ONLINE SEMINAR Troy: Myth, Legend and Inspiration

C$ 300.00

The legend of the Trojan War is one of the most enduring stories in our culture, inspiring some of our most creative and moving literature and art—from Homer to Shakespeare to Joyce and the present day. Dig deep into the world of Troy with this 9-week seminar series. It’s everything you love about Classical Pursuits discussion — consistent focus on the text, emphasis on exploring meaning together, and a leader who asks questions to get you thinking — in virtual form.

This seminar follows on from the British Museum’s 2020 special exhibition Troy: Myth and Reality. Mark will begin the series with a presentation on the Trojan War and its artistic and literary sources. Over the nine weeks of this study, we’ll explore the continuing fascination of Troy, through discussions of five works of literature that span the breadth of the Trojan War story, and a close look at images of key objects from the Troy exhibition. So, no reading is required for the first week! You do not have to complete all the reading by the start of the course.

When: Nine weekly sessions on Thursdays, starting April 9 at 1 p.m Eastern

Duration: 2.5 hours per session

Cost: C$300 plus 13% HST

How: We will be using Zoom online meeting software; you will receive instructions on how to download Zoom free after registration. For your privacy, all our Zoom seminars are password-protected and are never recorded.

Out of stock

Description

LEADER

Classical Pursuits education manager Mark Cwik has been organizing and leading great books discussion groups for adults for over twenty years in London, Chicago and Toronto. He was trained as a discussion facilitator while at the Great Books Foundation in Chicago and has been a passionate advocate for great books education since attending St. John’s College, Santa Fe and the University of Chicago Basic Program in Liberal Education.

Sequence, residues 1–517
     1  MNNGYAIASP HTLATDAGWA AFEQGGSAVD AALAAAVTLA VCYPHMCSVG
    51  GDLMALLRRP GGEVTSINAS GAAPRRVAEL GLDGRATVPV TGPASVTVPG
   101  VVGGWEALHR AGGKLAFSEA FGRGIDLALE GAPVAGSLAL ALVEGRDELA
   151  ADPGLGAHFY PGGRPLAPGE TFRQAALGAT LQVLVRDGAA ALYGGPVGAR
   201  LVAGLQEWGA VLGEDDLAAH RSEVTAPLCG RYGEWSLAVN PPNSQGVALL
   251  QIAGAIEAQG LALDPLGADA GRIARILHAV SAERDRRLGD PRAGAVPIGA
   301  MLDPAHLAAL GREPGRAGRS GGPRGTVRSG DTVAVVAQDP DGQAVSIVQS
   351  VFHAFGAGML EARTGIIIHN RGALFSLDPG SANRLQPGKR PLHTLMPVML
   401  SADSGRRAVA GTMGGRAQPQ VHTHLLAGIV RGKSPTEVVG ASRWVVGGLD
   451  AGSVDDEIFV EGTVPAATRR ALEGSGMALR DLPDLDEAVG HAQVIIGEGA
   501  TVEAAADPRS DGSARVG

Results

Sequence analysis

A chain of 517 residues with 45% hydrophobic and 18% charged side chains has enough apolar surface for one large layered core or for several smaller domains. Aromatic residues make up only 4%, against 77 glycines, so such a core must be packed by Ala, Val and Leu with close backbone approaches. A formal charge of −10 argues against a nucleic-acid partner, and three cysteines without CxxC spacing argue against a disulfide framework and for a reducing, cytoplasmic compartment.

BOOKS

  • The Iliad, by Homer, translated by Robert Fagles, introduction by Bernard Knox; Penguin Classics; ISBN-13: 978-014027536
  • The Complete Euripides Volume I: Trojan Women and Other Plays (Greek Tragedy in New Translations), edited by Peter Burian and Alan Shapiro; Oxford Univ Press (2010); ISBN: 978-0195388671
  • The Complete Euripides Volume II: Iphigenia in Tauris and Other Plays (Greek Tragedy in New Translations), edited by Peter Burian and Alan Shapiro; Oxford Univ Press (2010); ISBN: 978-0195388695
  • The Complete Sophocles Volume II: Electra and Other Plays (Greek Tragedy in New Translations), edited by Peter Burian and Alan Shapiro; Oxford Univ Press (2009); ISBN-13: 978-0195373301
  • The Silence of the Girls, by Pat Barker; Penguin (2019); ISBN-13: 978-0241983201
We encourage you to use these recommended editions, but it is not required.

The legend of the Trojan War is one of the most enduring stories in our culture, inspiring some of our most creative and moving literature and art—from Homer to Shakespeare to Joyce and the present day. The famous Golden Apple and the Trojan Horse are familiar to most everyone, along with the names of Achilles, Odysseus, Hector and Aeneas—and, of course, the ever-enigmatic Helen at the centre of it all.

After 3000 years, Troy and the Trojan War continue to inspire retellings and alt-tellings. Here in 2020, you’ll find at least three current bestselling novels in bookstore windows based on the war and its aftermath, and a steady stream of new translations of Homer’s Iliad and Odyssey receives prominent attention. From Homer’s time onward, the Trojan War has provided a setting for stories of heroism, glory and conquest—and even more often of grief, sorrow and loss.

This seminar follows on from the British Museum’s 2020 special exhibition Troy: Myth and Reality. Mark will begin the series with a presentation on the Trojan War and its artistic and literary sources. Over the nine weeks of this study, we’ll explore the continuing fascination of Troy, through discussions of five works of literature that span the breadth of the Trojan War story, and a close look at images of key objects from the Troy exhibition.

Central to the myth of Troy is Homer’s Iliad, which we’ll read over four sessions; we’ll also read the Classical Greek plays Iphigeneia at Aulis and The Trojan Women, both by Euripides, and Philoctetes by Sophocles; we’ll finish the study with a modern contribution to the Troy legend, the very well-reviewed novel The Silence of the Girls, by Pat Barker. To round out the study we’ll look at excerpts from ancient source texts that tell the stories of the Golden Apple, the attempts by various heroes to avoid the war, the Trojan Horse, the death of Achilles, and numerous other variations on the Troy myth.

All online seminar payments are nonrefundable.

 

Additional information

Afternoon options

Standalone seminar, Add-on seminar

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